What to do when it stops
The following blog is made up of the best bits of editorial, articles and blogs that I’ve come across in my 38 years of working life, 30 of which I spent as my own boss at a very successful Creative Agency.
I thank all those that have inspired me to make (and write!) my own observations on these subjects. I now want to switch my focus to helping the next generation find the success that I did, and hopefully avoid a few of the pitfalls I didn’t!
Marketing and Creative Agencies are fairly easy to categorise. Whether you’re in digital, design or marketing, the chances are that you will recognise yourself here.
STAGE ONE: 0-3 people
Easy stuff this. You’re a good designer and/or marketer and have a few contacts, so you decide to start your own agency and hey presto, you’re off! Overheads are low, confidence is high, you love doing what you do and you can work where and when you like. The trouble is, since this seems like a perfect place to settle, you may well be here forever. It’s a stage with pitfalls too, as you’ll find that holidays are difficult to take and new business is hard to secure.
STAGE TWO: 4-8 people
Clearly, you’re good at what you do. You’ve found your niche and people want to use you. New business comes along too, but you often have a tendency to focus your work solely on these new clients and forget to look for further new business. This effectively stops you from growing.
STAGE THREE: 9-12 people
You’ve found a client that you’re growing with. They keep giving you more and more work, which seems brilliant - though you start to realise that they’re dominating your workload. Since you’re working well with them, and you’re still growing, you end up focusing all your energy on advancing their interests.
This means new clients are very reluctant to come to you, because you’re overwhelmingly under the thumb of this dominant client. New opportunities pass you by, never really getting the attention that they merit.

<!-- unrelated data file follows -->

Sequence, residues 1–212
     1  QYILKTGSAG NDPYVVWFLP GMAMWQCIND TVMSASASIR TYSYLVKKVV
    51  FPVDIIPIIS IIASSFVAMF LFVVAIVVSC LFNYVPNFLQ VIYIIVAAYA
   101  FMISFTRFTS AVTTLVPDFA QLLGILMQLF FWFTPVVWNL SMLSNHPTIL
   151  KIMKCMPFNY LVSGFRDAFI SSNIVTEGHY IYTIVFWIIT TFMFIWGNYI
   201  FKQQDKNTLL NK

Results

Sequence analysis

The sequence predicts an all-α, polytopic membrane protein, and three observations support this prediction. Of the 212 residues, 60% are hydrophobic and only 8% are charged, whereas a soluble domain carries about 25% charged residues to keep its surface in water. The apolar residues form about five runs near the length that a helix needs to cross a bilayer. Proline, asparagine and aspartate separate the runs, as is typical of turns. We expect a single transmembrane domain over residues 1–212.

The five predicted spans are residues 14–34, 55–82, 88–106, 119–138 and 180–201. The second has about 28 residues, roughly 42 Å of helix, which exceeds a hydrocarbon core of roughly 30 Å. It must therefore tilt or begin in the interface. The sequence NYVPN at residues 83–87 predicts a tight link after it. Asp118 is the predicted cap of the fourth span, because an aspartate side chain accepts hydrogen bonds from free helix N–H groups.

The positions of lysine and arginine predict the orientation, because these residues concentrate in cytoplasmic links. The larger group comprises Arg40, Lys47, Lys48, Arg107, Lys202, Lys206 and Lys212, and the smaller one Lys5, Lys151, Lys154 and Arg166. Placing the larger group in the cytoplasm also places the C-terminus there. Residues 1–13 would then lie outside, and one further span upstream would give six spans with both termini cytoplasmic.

STAGE FOUR: 12-30 people
You’re an agency of some size now - a big player. You’ve crossed the threshold of being just a collection of people, now logically organised into teams, with clients that have stayed with you for some time. You’re not overwhelmed by one dominant client, instead working with a handful of large clients, many medium-sized clients and an abundance of smaller ones. You’ve settled on the processes, disciplines and specialisms with which you want to work, all of which allow you with some accuracy to predict where your revenue will sit, your possible profit margin and an idea of where you can grow.
However, the pitfalls remain. You’re struggling with talent recruitment issues, not to mention that all the local competition want to knock you off your spot, meaning you need to constantly pitch for new business, whilst still maintaining client confidence and satisfaction. Because of the resulting need for more business structure, overheads become higher, and management and financial structures become necessary too.
STAGE FIVE: 30+ people
99.5% of all agencies will never get here. It’s rare, particularly if you’re away from a big city. But the economies of scale kick in and profitability may well come back.
To maintain this position you need to have a USP, otherwise agencies in all of the above categories will sneak onto your blindside and take you on. Key staff may leave and form their own micro agencies and take your clients and / or staff, irrespective of what it says in their contracts. It can be a real minefield at this stage.
STAGE SIX: Get me out of here
This is hardly ever achieved, with a financial exit usually on the cards.
I’m very confident that most, if not all of you, will be able to identify with at least one of these six stages. Being the boss or owner of an agency is hard - very hard, especially when clients and staff become increasingly demanding. Approached in the right way, however, and it can prove a very rewarding experience. With the right guidance and the right resilient mindset, anything is possible.
Just get out there and do it!